Have you ever thought about the generation you were born into and how that affected your experience as you came into the workforce? I am Generation X and we are generally described as being resourceful, independent, and we appreciate a healthy work/life balance. We were the first generation to grow up with a touch of modern technology. I remember the computer lab at school and playing countless hours of Oregon Trail and Where in the World is Carmen Sandiego! I got my first cell phone at 18 and it definitely was not smart. If you are too young to remember Oregon Trail, you can still play it here. I have heard that Carmen Sandiego is having a moment on Google Earth-check out the revamp of the original 1985 game that teaches about geography, populations and language.
In case you are not familiar with what generation you fall into, check out this table with the birth year ranges. There are some differing opinions on when a generation starts and ends, but these are generally accepted. Notice that Generation Z has been coming into the workforce over the last couple of years.
Unlike my prior generation, the Baby Boomers, I was “somewhat” tech savvy as a young person. Remember pagers and the secret codes that we created so we didn’t actually have to call? For those who have no idea what’s going on with the pager pictured, it says “Hello, I need to talk to you best friend”. Of course, I was not nearly as savvy as the generation that came after me, Gen Y. Many of Gen Y had technology at an early age, but the true experts are Gen Z and Gen Alpha. They have had advanced technology since they were very young and are more fluent than most of the rest of us, unless you are one of those early career Gen Z reading this in which case can you help me with TikTok?
Some significant Generation Z firsts are they have never known a world without the internet, they have never used a phone with a cord, and they don’t even know what a floppy disk is. Now I feel old…
So why does this matter? Is it really a big deal that different generations grew up differently? The short answer is YES! Our lived experiences shape our perceptions and how we interact with the world. Having an idea about the experiences of others can help us to build understanding and bridge the gap between generations. Check out this TedX Talk by Nathaniel Turner that discusses how people view Generation Z.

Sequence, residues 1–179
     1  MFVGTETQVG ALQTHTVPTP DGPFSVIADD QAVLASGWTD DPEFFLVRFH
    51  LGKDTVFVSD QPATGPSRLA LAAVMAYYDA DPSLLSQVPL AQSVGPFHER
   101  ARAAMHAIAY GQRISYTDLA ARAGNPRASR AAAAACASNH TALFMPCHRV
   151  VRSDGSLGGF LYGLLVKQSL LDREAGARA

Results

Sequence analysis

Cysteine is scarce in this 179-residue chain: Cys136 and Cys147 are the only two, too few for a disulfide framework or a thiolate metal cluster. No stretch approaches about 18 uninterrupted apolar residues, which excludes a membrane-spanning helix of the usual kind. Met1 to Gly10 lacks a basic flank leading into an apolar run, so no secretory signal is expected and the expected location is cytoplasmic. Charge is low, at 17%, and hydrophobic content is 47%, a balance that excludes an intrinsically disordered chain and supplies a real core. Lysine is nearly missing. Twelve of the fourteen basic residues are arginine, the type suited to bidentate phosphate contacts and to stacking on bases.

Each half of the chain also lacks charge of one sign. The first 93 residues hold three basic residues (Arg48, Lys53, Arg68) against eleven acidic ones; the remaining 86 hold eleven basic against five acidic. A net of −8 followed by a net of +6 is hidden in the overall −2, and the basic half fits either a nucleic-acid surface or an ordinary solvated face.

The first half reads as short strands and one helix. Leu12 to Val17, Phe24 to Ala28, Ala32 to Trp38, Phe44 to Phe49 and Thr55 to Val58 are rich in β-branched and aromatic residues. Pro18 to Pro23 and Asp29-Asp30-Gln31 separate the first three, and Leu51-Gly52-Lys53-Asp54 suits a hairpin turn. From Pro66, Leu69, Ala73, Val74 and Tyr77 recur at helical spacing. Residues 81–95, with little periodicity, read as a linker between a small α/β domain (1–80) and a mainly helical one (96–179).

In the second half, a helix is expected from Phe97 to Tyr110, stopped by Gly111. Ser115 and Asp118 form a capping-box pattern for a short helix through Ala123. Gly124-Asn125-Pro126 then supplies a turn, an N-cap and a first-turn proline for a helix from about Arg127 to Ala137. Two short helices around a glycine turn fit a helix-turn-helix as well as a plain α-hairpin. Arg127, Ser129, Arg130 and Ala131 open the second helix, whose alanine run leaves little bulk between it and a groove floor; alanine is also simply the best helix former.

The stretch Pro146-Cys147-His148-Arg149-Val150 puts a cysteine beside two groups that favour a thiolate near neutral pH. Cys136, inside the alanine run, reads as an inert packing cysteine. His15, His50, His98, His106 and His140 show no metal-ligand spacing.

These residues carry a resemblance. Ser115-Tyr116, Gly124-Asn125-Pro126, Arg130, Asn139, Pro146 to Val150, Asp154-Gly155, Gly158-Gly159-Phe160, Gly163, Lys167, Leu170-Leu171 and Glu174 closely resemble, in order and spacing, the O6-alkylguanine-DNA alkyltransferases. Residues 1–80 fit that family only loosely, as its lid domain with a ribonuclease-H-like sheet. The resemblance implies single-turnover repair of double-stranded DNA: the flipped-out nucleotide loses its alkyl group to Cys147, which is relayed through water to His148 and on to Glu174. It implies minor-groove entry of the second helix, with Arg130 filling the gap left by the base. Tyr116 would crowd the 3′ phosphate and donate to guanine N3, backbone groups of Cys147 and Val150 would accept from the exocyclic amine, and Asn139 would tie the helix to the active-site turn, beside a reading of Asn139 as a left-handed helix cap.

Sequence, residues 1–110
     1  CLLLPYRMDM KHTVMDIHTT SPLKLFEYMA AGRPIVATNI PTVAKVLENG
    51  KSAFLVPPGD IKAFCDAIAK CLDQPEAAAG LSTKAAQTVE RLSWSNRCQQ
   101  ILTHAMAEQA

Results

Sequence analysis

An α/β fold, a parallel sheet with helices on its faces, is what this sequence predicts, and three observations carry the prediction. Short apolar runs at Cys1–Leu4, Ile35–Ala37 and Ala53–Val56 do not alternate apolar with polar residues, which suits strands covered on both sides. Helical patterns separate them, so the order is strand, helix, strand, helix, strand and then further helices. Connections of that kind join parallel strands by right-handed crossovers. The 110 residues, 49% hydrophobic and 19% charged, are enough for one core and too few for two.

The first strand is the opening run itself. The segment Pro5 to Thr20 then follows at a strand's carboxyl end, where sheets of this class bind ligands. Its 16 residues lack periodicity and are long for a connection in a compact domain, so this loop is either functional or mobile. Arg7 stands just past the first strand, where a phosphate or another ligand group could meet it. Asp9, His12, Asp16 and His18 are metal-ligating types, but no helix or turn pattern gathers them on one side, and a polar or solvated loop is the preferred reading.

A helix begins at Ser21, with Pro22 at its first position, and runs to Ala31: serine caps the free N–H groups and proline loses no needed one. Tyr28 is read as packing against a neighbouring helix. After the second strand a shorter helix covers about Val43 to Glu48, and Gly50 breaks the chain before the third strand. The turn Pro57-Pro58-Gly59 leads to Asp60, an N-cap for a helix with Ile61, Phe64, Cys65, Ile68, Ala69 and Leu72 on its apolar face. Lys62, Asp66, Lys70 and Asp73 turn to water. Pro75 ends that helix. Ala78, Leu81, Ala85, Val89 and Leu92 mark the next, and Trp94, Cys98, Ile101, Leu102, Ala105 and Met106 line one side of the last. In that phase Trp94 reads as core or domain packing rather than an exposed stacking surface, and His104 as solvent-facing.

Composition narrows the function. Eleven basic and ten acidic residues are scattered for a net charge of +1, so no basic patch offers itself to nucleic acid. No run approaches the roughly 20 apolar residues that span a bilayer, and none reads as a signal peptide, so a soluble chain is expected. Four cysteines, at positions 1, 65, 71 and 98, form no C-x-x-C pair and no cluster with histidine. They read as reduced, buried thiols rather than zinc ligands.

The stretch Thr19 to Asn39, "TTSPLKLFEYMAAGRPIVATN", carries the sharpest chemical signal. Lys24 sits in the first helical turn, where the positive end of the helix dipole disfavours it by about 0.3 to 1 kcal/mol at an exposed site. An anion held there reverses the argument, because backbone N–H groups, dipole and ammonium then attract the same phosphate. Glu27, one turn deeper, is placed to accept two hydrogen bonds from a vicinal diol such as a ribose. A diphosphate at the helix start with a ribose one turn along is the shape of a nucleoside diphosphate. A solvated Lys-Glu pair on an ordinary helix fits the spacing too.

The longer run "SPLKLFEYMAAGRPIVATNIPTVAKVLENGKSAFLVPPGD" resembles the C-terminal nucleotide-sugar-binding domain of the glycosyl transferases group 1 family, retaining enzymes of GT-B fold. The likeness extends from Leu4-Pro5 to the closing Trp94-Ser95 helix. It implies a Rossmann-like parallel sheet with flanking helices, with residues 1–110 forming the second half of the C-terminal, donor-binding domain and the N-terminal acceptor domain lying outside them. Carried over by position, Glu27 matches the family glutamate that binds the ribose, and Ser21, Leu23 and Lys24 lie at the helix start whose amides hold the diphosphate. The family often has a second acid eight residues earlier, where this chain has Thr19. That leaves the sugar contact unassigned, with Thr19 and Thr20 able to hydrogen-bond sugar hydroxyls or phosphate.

If you work, chances are that you are currently working with, or leading, Baby Boomers, Gen X, Gen Y, and Gen Z. It can be difficult to articulate the flow and function of work when everyone has a different idea of how it should look. Gen Z is now entering the workforce and they are shaking things up with new ideas and ways of thinking.
According to the Annie E. Casey Foundation in the article “What Are the Core Characteristics of Generation Z?”, they outline some characteristics about Gen Z that make them a valuable asset to the workforce. They are:
- Diversity is their norm
- They are the first digital natives
- Pragmatic and financially-minded
- They are shrewd consumers
In the article, it is also noted that there are some challenges that are faced by young people, most notably mental health challenges. In their book “Generation Z Unfiltered”, Tim Elmore and Andrew McPeak outline 9 challenges to working with Gen Z and provide research-based strategies to overcome those challenges.
It is not enough to just be aware of the strengths and challenges that are coming in with this new generation. The previous generations need to have a toolkit of strategies and solutions to help the young people in our lives to navigate our world. Elmore and McPeak provide practical, real-world advice for combating these challenges.
Are you interested in learning more about working with and leading the generation that makes up almost 25% of the US population? Here at the Kane County Regional Office of Education, I was really curious about learning more. We are offering an online, asynchronous administrator academy AA#3908 School Leadership: Generation Z Unfiltered. It is based on the work of Tim Elmore, Andrew McPeak, and Deloitte. Click here to learn more and to register.
This new generation of workers may not know what a cassette tape is or be able to ford the river in Oregon Trail, but they are bringing a set of ideals and skills that are worthy of our attention. What do you think about Generation Z? Please let us know by tagging us @KaneCountyROE.